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ARS Home » Plains Area » Stillwater, Oklahoma » Wheat, Peanut, and Other Field Crops Research » Research » Publications at this Location » Publication #381363

Research Project: Management of Aphids Attacking Cereals

Location: Wheat, Peanut, and Other Field Crops Research

Title: Modeling the dispersal of wind-borne pests: Sensitivity of infestation forecasts to uncertainty in parameterization of long-distance airborne dispersal

Author
item KORALEWSKI, TOMASZ - Texas A&M University
item WANG, HSIAO-HSUAN - Texas A&M University
item GRANT, WILLIAM - Texas A&M University
item BREWER, MICHAEL - Texas A&M University
item Elliott, Norman - Norm
item Westbrook, John

Submitted to: Agricultural and Forest Meteorology
Publication Type: Peer Reviewed Journal
Publication Acceptance Date: 2/7/2021
Publication Date: 5/15/2021
Citation: Koralewski, T.E., Wang, H., Grant, W.E., Brewer, M.J., Elliott, N.C., Westbrook, J.K. 2021. Modeling the dispersal of wind-borne pests: Sensitivity of infestation forecasts to uncertainty in parameterization of long-distance airborne dispersal. Agricultural and Forest Meteorology. 301-302:108357. https://doi.org/10.1016/j.agrformet.2021.108357.
DOI: https://doi.org/10.1016/j.agrformet.2021.108357

Interpretive Summary: Modeling dispersal of wind-borne invasive insect pests can be a valuable tool in a broader context of areawide pest management. In models both biotic and abiotic factors play important roles. Some important aspects of biology and ecology of invasive pests may be either lacking or based on difficult to obtain measurements. This is true in the case of long-distance airborne dispersal, in which dispersal are particularly difficult to measure or estimate. In this study we assessed the sensitivity of regional infestation forecasts of sorghum by sugarcane aphids [Melanaphis sacchari (Zehntner)] to uncertainty in parameterization in a model of aspects of long-distance airborne dispersal in the southern-to-central Great Plains of North America. The spatial variability in estimates depended on local specificity of the modeled landscape, and it was larger in areas where infestations were less frequent, primarily in eastern Kansas, Oklahoma, and northern Texas. The importance of the results is that the model appears to represent wind-borne dispersal adequately and therefore may be useful in assessing patterns of sugarcane aphid both in space and in time.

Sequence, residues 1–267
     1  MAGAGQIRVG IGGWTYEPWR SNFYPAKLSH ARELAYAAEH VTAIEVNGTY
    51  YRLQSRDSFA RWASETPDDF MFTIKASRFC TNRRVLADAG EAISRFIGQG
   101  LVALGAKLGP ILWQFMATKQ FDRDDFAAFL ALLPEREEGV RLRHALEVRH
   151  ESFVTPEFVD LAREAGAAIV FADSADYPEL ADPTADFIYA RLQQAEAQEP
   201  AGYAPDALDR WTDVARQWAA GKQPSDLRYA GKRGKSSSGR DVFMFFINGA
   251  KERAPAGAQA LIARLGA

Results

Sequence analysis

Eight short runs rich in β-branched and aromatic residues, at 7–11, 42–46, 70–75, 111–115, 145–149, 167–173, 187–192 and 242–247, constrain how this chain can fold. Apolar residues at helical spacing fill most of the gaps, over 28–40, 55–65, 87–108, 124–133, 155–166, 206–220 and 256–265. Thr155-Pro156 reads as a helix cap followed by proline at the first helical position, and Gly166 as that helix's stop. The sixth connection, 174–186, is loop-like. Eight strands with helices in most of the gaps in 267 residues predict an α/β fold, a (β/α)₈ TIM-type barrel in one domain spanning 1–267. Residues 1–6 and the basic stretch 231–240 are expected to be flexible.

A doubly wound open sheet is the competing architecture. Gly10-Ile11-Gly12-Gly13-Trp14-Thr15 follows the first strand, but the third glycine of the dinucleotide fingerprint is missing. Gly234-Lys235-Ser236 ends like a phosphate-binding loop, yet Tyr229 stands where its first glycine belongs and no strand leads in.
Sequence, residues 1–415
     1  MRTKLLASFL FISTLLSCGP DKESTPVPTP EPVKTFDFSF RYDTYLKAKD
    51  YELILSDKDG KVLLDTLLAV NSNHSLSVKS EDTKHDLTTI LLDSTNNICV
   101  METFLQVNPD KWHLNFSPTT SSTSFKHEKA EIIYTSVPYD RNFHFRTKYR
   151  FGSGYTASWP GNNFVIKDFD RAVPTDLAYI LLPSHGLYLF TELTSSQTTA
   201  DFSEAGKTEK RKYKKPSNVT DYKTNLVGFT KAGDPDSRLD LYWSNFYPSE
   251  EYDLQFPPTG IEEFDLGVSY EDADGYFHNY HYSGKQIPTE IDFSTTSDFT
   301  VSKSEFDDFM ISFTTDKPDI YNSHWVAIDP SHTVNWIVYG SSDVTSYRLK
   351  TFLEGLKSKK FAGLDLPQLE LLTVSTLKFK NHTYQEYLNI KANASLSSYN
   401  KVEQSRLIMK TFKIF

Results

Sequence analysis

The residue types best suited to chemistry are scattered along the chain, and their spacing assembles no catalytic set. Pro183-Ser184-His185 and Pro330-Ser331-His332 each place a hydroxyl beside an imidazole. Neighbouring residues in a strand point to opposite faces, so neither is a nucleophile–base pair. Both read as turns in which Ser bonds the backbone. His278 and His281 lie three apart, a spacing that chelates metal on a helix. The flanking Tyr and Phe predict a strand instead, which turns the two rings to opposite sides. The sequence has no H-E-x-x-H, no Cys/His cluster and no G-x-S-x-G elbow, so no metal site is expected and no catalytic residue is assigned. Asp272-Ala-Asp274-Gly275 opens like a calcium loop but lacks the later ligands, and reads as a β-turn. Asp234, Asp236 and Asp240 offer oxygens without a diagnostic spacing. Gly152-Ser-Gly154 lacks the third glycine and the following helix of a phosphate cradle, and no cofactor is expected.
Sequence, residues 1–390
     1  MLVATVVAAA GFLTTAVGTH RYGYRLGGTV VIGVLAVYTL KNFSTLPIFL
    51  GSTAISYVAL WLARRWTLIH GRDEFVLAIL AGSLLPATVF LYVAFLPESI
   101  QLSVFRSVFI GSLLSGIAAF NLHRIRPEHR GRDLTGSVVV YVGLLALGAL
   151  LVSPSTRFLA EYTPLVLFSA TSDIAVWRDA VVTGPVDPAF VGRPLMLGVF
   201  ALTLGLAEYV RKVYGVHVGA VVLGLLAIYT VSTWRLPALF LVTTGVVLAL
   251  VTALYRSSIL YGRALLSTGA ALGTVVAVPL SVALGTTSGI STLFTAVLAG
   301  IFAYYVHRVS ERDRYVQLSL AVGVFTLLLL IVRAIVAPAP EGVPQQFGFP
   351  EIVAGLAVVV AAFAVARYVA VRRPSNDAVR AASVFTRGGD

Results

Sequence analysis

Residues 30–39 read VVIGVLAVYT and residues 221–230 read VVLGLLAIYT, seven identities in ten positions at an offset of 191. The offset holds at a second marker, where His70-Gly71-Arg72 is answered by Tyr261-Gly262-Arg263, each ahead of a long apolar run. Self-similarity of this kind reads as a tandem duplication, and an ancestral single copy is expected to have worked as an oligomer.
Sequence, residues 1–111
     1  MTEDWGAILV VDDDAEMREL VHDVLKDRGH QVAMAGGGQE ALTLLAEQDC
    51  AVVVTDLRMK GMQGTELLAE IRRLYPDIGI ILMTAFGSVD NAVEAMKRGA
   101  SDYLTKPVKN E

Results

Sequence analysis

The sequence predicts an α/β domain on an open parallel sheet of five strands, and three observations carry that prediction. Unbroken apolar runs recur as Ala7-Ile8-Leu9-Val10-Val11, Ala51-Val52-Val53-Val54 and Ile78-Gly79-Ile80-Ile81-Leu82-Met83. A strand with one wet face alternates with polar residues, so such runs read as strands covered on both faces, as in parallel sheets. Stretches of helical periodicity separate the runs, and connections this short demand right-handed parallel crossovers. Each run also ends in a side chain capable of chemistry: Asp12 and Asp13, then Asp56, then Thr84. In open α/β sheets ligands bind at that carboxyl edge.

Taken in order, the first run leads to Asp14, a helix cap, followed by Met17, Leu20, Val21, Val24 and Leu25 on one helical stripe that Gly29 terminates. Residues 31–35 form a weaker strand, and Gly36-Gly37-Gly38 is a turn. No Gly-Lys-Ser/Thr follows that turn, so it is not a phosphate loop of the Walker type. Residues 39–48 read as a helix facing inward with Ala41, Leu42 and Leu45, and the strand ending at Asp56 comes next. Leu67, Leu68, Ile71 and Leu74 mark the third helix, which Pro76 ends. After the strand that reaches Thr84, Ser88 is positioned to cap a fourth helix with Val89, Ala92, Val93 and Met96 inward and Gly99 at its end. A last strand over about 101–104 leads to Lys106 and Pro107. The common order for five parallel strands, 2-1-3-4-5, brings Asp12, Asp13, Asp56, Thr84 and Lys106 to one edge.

Technical Abstract: Modeling dispersal of wind-borne pests can be a valuable tool in a broader context of areawide integrated pest management. In such models both biotic and abiotic factors play important roles. Many aspects of the life cycle and dispersal of the focal species are typically well studied and represented with robust measures. However, some important assessments may be either lacking or based on difficult to obtain measurements. For example, investigations of population processes occurring at broad spatial scales pose logistical difficulties, and consequently the corresponding estimates may be biased. This is true in the case of long-distance airborne dispersal, in which aloft characteristics of dispersal are particularly difficult to estimate. In this study we assessed the sensitivity of regional infestation forecasts of sorghum by sugarcane aphids [Melanaphis sacchari (Zehntner)] to uncertainty in parameterization of measures meant to represent important aspects of long-distance airborne dispersal in the southern-to-central Great Plains of North America. We focused on dispersal duration, take-off height, and maximum dispersal height as three critical parameters that control wind-borne long-distance dispersal of aphids. The 63 investigated combinations of values of these parameters had largely equivalent region-wide impact on timing of first forecasted infestation (equivalence margin of 7 days) and the impact on the probability of forecasted infestation was equivalent (equivalence margin of 0.1). The spatial variability in estimates depended on local specificity of the modeled landscape, and it was larger in areas where infestations were less frequent, primarily in eastern Kansas, Oklahoma, and northern Texas.